Gleanings from the web and the world, condensed for convenience, illustrated for enlightenment, arranged for impact...

Every day is Earth Day.


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  • Weekend Video: Happy Birthday Solar Cell
  • Weekend Video: Offshore Wind As A Hurricane A Wall
  • Weekend Video: Get On The Climate Policy Train

  • FRIDAY WORLD HEADLINE-THE SOLAR CELL TURNS 60, Part 5 (continued from yesterday)


  • TTTA Thursday-THE SOLAR CELL TURNS 60, Part 1
  • TTTA Thursday-THE SOLAR CELL TURNS 60, Part 2
  • TTTA Thursday-THE SOLAR CELL TURNS 60, Part 3
  • TTTA Thursday-THE SOLAR CELL TURNS 60, Part 4

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    Anne B. Butterfield of Daily Camera and Huffington Post, is a biweekly contributor to NewEnergyNews

  • Another Tipping Point: US Coal Supply Decline So Real Even West Virginia Concurs (REPORT)

    November 26, 2013 (Huffington Post via NewEnergyNews)

    Everywhere we turn, environmental news is filled with horrid developments and glimpses of irreversible tipping points.

    Just a handful of examples are breathtaking: Scientists have dared to pinpoint the years at which locations around the world may reach runaway heat, and in the northern hemisphere it's well in sight for our children: 2047. Survivors of Superstorm Sandy are packing up as costs of repair and insurance go out of reach, one threat that climate science has long predicted. Or we could simply talk about the plight of bees and the potential impact on food supplies. Surprising no one who explores the Pacific Ocean, sailor Ivan MacFadyen described long a journey dubbed The Ocean is Broken, in which he saw vast expanses of trash and almost no wildlife save for a whale struggling a with giant tumor on its head, evoking the tons of radioactive water coming daily from Fukushima's lamed nuclear power center. Rampaging fishing methods and ocean acidification are now reported as causing the overpopulation of jellyfish that have jammed the intakes of nuclear plants around the world. Yet the shutting down of nuclear plants is a trifling setback compared with the doom that can result in coming days at Fukushima in the delicate job to extract bent and spent fuel rods from a ruined storage tank, a project dubbed "radioactive pick up sticks."

    With all these horrors to ponder you wouldn't expect to hear that you should also worry about the United States running out of coal. But you would be wrong, says Leslie Glustrom, founder and research director for Clean Energy Action. Her contention is that we've passed the peak in our nation's legendary supply of coal that powers over one-third of our grid capacity. This grim news is faithfully spelled out in three reports, with the complete story told in Warning: Faulty Reporting of US Coal Reserves (pdf). (Disclosure: I serve on CEA's board and have known the author for years.)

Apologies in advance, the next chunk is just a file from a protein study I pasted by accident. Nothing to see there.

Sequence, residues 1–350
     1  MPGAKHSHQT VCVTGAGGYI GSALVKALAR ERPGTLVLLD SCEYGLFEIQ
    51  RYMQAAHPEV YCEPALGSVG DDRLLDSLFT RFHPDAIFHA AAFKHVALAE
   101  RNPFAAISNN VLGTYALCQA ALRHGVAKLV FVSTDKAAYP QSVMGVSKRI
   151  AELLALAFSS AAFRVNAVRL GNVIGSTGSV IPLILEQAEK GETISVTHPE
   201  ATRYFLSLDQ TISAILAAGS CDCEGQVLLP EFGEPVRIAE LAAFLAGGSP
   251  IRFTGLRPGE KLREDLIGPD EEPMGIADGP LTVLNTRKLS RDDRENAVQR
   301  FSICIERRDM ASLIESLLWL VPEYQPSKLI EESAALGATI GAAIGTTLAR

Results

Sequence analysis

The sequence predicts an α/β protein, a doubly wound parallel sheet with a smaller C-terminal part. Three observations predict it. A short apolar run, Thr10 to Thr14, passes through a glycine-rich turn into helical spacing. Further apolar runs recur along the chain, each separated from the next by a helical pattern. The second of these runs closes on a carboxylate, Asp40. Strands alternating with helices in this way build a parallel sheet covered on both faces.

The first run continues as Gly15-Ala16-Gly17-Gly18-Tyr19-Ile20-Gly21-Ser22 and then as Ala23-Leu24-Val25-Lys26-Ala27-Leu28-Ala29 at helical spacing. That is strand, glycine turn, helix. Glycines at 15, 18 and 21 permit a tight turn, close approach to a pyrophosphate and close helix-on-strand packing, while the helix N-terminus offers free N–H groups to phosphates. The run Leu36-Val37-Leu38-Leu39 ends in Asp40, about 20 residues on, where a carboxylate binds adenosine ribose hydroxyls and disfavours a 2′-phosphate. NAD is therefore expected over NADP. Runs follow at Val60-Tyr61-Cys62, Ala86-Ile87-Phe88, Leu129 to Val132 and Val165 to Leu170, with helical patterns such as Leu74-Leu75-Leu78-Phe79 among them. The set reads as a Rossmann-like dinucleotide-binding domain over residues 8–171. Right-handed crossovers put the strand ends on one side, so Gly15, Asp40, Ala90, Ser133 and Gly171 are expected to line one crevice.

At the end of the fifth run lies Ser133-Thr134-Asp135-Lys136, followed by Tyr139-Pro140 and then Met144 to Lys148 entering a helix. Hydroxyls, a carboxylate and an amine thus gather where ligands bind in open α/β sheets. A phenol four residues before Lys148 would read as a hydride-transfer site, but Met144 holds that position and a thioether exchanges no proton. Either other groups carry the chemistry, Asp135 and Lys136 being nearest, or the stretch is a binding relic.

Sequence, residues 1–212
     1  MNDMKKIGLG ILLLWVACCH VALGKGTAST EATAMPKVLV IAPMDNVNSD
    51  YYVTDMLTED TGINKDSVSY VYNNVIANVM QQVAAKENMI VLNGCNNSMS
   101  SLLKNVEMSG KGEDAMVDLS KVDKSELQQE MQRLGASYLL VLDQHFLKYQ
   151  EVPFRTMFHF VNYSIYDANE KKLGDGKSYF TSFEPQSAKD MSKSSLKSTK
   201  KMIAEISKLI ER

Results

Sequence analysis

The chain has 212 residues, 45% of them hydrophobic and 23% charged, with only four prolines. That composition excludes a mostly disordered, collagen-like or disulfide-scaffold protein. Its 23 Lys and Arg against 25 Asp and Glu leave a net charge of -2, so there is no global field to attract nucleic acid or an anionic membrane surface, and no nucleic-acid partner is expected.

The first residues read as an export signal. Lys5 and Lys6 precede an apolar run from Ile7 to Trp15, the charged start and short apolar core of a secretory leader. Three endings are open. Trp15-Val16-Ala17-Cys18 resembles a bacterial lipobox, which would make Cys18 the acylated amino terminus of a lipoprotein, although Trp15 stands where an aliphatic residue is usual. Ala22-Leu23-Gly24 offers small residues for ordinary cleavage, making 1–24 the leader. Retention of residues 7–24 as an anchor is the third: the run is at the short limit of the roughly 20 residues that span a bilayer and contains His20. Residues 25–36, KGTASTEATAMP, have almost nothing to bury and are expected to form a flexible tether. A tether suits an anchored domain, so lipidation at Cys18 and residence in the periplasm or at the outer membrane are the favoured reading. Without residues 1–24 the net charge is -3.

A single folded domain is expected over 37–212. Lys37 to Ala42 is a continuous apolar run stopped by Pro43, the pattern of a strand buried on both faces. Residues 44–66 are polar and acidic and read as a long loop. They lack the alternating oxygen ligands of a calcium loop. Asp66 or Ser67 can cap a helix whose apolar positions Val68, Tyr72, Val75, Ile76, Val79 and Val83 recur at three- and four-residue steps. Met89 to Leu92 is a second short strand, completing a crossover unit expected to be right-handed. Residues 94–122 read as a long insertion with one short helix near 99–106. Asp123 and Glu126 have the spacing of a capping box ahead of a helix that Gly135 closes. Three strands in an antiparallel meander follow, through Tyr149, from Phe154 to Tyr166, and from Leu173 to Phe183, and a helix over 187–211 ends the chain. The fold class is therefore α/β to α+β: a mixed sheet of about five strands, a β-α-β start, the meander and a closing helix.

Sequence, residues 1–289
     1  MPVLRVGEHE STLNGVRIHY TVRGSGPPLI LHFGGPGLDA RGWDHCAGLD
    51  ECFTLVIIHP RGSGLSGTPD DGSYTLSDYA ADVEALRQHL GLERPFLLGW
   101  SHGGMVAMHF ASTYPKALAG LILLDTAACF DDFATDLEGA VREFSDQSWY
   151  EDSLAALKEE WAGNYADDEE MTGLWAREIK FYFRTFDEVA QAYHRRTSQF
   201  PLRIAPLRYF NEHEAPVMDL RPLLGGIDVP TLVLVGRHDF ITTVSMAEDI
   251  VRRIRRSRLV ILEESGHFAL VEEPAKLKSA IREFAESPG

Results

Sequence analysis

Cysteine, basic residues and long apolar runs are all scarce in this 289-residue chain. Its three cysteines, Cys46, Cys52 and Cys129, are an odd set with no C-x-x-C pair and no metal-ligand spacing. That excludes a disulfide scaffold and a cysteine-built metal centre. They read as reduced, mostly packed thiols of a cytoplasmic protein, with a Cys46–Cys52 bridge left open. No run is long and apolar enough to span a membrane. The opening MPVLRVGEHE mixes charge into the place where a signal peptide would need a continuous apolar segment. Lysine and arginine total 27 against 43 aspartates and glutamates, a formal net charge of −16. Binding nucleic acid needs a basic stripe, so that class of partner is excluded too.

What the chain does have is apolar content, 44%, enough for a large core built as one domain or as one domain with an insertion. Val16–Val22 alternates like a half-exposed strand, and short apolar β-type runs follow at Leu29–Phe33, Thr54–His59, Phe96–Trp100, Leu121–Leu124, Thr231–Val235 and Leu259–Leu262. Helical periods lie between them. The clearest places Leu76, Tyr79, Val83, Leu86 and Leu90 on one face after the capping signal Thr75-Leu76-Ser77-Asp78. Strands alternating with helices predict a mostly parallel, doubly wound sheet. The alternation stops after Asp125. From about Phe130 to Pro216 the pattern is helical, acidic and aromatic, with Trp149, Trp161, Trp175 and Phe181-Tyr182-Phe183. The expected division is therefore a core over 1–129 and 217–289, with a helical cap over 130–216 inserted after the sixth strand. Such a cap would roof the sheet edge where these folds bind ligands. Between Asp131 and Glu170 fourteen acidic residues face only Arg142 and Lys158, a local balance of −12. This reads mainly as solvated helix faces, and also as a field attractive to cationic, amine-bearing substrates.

Glustrom's research presents a sea change in how we should understand our energy challenges, or experience grim consequences. It's not only about toxic and heat-trapping emissions anymore; it's also about having enough energy generation to run big cities and regions that now rely on coal. Glustrom worries openly about how commerce will go on in many regions in 2025 if they don't plan their energy futures right.

    2013-11-05-FigureES4_FULL.jpgclick to enlarge

    Scrutinizing data for prices on delivered coal nationwide, Glustrom's new report establishes that coal's price has risen nearly 8 percent annually for eight years, roughly doubling, due mostly to thinner, deeper coal seams plus costlier diesel transport expenses. Higher coal prices in a time of "cheap" natural gas and affordable renewables means coal companies are lamed by low or no profits, as they hold debt levels that dwarf their market value and carry very high interest rates.

    2013-11-05-Table_ES2_FULL.jpgclick to enlarge


    One leading coal company, Patriot, filed for bankruptcy last year; many others are also struggling under bankruptcy watch and not eager to upgrade equipment for the tougher mining ahead. Add to this the bizarre event this fall of a coal lease failing to sell in Wyoming's Powder River Basin, the "Fort Knox" of the nation's coal supply, with some pundits agreeing this portends a tightening of the nation's coal supply, not to mention the array of researchers cited in the report. Indeed, at the mid point of 2013, only 488 millions tons of coal were produced in the U.S.; unless a major catch up happens by year-end, 2013 may be as low in production as 1993.

    Coal may exist in large quantities geologically, but economically, it's getting out of reach, as confirmed by US Geological Survey in studies indicating that less than 20 percent of US coal formations are economically recoverable, as explored in the CEA report. To Glustrom, that number plus others translate to 10 to 20 years more of burning coal in the US. It takes capital, accessible coal with good heat content and favorable market conditions to assure that mining companies will stay in business. She has observed a classic disconnect between camps of professionals in which geologists tend to assume money is "infinite" and financial analysts tend to assume that available coal is "infinite." Both biases are faulty and together they court disaster, and "it is only by combining thoughtful estimates of available coal and available money that our country can come to a realistic estimate of the amount of US coal that can be mined at a profit." This brings us back to her main and rather simple point: "If the companies cannot make a profit by mining coal they won't be mining for long."